Saturday, 18 October 2008

Broken Hill, Menindee, Kinchega NP and Mungo NP/Willandra Lakes World Heritage Area

Drove from Mount Remarkable along the boring Barrier Highway to Broken Hill past many derelict towns that once thrived along the railway.  Broken Hill stopped for fuel and tourist info centre for maps of the next two NPs we were heading into.  Broken Hill is a mining town, but looks like a reasonably "nice" one.  It is the town that the founder of Broken Hill Proprietary Ltd (BHP - at one time the largest Australian company in Australia) - a Charles Rasp - found silver in during the 1860s and went on to build a powerful multinational company from. 

Menindee Lakes is where Burke & Wills established a supply depot/campsite and then left their main party there before heading North in a smaller party, never to return.  One of the trees in a free campsite near the Darling River has one of their marks cut into it, but we couldnt see it.  Camped at Kinchega NP next to the river.  The author of the Dig Tree described the Darling River colour as "coffee with plenty of milk" which was spot on.  Very hot (35 degrees) and lots of flies.  God knows how the explorers coped without gazebos, air con'd 4wds and insect repellant!  As you will empathise with we made a quick pack up in the morning and a quick exit.


Next stop was Mungo NP.  This is a World Heritage area also known as Willandra Lakes.  This is where Mungo Man and Mungo Woman were unearthed from the sand dunes of a dried up lake.  These two characters are 1) the oldest recorded human cremation in the world and 2) more importantly, especially to Aboriginals who were originally thought to have "only" been in Australia for 20000 years, found to be 30,000 and 26,000 years old respectively.  And were recognised as Homo Sapiens, making them alongside the oldest evidence of modern humans outside of Africa.  Pretty impressive for a hot, dusty, dried up old lake in Outback NSW I reckon!   We spent a good day there exploring and driving around.  A great visitor centre with superb displays and a local Aboriginal ranger who played (sang?) an awesome didgeridoo, when he screamed down it I jumped along with a crowd of tourists watching!).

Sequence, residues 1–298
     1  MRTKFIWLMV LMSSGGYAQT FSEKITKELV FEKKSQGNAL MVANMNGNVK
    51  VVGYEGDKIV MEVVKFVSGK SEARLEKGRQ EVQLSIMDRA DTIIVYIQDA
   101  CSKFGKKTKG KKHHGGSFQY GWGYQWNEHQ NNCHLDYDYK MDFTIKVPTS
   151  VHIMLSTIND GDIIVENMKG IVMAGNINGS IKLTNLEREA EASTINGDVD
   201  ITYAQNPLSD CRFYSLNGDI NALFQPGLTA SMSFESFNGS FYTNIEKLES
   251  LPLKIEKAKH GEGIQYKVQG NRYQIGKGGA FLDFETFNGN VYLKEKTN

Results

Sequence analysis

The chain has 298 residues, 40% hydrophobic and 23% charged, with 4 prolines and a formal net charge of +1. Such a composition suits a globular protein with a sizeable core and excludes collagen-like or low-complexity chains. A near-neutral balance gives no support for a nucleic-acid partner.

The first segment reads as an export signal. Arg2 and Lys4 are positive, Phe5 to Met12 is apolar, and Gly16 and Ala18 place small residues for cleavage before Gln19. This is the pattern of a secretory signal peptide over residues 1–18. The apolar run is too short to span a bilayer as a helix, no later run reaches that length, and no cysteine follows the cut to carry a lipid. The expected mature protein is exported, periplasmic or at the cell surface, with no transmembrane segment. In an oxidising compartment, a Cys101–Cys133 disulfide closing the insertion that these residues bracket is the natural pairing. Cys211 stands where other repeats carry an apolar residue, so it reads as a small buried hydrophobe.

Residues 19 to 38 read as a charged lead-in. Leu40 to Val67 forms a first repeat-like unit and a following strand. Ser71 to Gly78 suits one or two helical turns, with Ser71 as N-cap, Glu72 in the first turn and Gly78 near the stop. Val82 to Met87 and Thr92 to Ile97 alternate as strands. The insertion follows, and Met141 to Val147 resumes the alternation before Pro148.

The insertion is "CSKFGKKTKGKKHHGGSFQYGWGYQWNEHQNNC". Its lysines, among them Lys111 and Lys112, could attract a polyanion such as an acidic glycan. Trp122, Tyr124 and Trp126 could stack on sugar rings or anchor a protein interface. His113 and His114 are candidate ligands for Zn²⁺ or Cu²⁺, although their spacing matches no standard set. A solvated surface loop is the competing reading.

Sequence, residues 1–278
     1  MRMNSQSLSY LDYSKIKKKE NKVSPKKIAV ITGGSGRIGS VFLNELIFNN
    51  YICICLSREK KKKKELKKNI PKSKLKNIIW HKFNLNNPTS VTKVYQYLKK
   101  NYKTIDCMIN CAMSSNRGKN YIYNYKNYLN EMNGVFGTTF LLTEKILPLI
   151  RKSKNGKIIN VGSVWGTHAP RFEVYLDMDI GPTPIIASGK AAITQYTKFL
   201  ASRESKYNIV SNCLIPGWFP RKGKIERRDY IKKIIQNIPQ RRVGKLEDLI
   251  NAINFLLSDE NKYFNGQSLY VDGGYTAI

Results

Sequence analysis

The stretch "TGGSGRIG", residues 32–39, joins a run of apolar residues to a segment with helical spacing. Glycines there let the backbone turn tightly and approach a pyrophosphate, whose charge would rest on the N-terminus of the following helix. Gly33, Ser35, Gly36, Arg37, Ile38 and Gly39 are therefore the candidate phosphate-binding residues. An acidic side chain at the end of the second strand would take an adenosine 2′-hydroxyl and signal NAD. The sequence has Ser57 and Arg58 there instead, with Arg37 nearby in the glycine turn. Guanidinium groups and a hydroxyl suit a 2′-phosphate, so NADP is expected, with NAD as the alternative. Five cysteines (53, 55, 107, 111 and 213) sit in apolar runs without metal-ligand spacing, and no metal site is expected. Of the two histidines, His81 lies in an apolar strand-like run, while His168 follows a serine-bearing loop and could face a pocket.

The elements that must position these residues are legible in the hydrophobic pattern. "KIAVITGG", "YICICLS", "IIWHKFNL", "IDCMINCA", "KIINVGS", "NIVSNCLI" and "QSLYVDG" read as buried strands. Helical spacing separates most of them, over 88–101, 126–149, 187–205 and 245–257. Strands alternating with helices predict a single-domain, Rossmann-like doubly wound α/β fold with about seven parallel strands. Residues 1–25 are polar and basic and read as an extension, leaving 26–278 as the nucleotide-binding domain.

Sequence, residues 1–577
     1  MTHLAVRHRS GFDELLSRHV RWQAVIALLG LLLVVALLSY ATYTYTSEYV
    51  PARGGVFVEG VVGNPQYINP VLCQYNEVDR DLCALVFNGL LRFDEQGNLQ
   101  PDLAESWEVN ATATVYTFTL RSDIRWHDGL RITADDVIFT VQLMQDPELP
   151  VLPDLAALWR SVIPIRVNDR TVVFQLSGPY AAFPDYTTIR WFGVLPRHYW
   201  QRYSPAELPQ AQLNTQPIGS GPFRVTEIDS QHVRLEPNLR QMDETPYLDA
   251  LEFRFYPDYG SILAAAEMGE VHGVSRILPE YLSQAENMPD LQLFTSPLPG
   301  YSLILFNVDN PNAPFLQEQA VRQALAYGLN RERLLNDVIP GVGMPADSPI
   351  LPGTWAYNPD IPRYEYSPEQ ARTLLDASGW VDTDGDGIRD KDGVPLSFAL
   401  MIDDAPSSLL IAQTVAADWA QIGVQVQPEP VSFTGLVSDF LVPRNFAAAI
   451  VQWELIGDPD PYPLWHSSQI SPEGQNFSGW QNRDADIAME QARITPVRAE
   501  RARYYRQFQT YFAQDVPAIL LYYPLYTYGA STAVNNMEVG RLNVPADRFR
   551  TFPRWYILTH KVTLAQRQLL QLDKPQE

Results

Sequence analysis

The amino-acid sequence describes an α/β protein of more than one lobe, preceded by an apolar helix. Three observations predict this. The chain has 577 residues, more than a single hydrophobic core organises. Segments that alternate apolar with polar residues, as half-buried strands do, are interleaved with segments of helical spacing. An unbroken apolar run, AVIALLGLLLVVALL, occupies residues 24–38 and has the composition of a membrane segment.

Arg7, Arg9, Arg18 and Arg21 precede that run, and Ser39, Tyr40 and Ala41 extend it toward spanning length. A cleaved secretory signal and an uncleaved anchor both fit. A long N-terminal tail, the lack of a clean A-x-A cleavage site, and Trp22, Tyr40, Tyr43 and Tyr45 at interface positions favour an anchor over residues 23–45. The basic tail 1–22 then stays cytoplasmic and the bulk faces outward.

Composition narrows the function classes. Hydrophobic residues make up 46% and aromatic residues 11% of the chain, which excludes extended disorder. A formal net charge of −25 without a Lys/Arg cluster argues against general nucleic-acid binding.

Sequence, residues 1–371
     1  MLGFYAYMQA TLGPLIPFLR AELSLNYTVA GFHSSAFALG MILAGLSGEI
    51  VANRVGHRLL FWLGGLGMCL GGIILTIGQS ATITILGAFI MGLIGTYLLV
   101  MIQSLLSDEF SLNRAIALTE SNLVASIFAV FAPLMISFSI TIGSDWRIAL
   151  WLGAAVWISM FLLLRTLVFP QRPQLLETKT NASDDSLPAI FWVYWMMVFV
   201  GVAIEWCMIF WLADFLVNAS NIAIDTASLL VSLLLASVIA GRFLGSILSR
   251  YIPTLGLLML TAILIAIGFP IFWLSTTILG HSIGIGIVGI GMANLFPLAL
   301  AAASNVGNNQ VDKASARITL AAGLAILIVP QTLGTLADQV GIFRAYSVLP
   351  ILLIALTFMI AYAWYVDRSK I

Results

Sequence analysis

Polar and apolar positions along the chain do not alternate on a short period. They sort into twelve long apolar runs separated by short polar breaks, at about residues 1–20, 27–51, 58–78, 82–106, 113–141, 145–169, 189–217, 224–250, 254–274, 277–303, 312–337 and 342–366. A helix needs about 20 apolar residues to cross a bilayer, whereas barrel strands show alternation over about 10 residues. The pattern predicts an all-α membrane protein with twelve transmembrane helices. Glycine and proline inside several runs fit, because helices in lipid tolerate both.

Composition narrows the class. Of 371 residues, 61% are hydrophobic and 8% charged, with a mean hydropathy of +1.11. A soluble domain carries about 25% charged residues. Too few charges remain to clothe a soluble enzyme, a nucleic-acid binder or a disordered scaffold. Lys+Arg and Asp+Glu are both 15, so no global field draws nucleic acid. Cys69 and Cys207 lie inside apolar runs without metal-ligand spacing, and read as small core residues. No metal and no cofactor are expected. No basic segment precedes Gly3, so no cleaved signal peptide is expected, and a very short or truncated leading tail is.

After a hard drive out of the dried up lakes area down some crappy corrugated roads (I will be glad to see the back of these roads)...we could see the water tower of Mildura (a town in the NW of Victoria that I always thought was a dust bowl, but in fact it is one of the most agriculturally productive areas in all of Australia, red soil = grapes, avocados, oranges - the smell is everywhere and delicious, it reminded us of Greece or Turkey - asparagus, other citrus, etc etc.) in the distance.  We had to drive over a bridge over the Murray River to get into town and it was a welcome sight to see all that beautiful fresh looking water.  And when we saw the signs for Victoria we were quite elated as it felt like we were home, everyone even has the same style number plates as us again!  Hooray!  Sad isn't it, but we felt really chuffed to be back in our adopted state again.  We celebrated with a pizza sat down by the river watching the houseboats and paddle steamers cruise by on a hot (it hit 38 today at Mungo NP!) Saturday evening.


Camping that night we strangely decided to cross back into NSW and set up on that side of the Murray River, albeit a really nice picnic site with a fantastic view - a few houseboats were also moored there for the evening along with some hoons playing techno, but they disappeared around 9pm luckily.  It was Saturday night I guess, and we cant always have everywhere to ourselves (although we have been quite lucky for most places!).


I've been practising my night sky photos too, so might publish some of pics of the stars we get to see at night - if they are any good.

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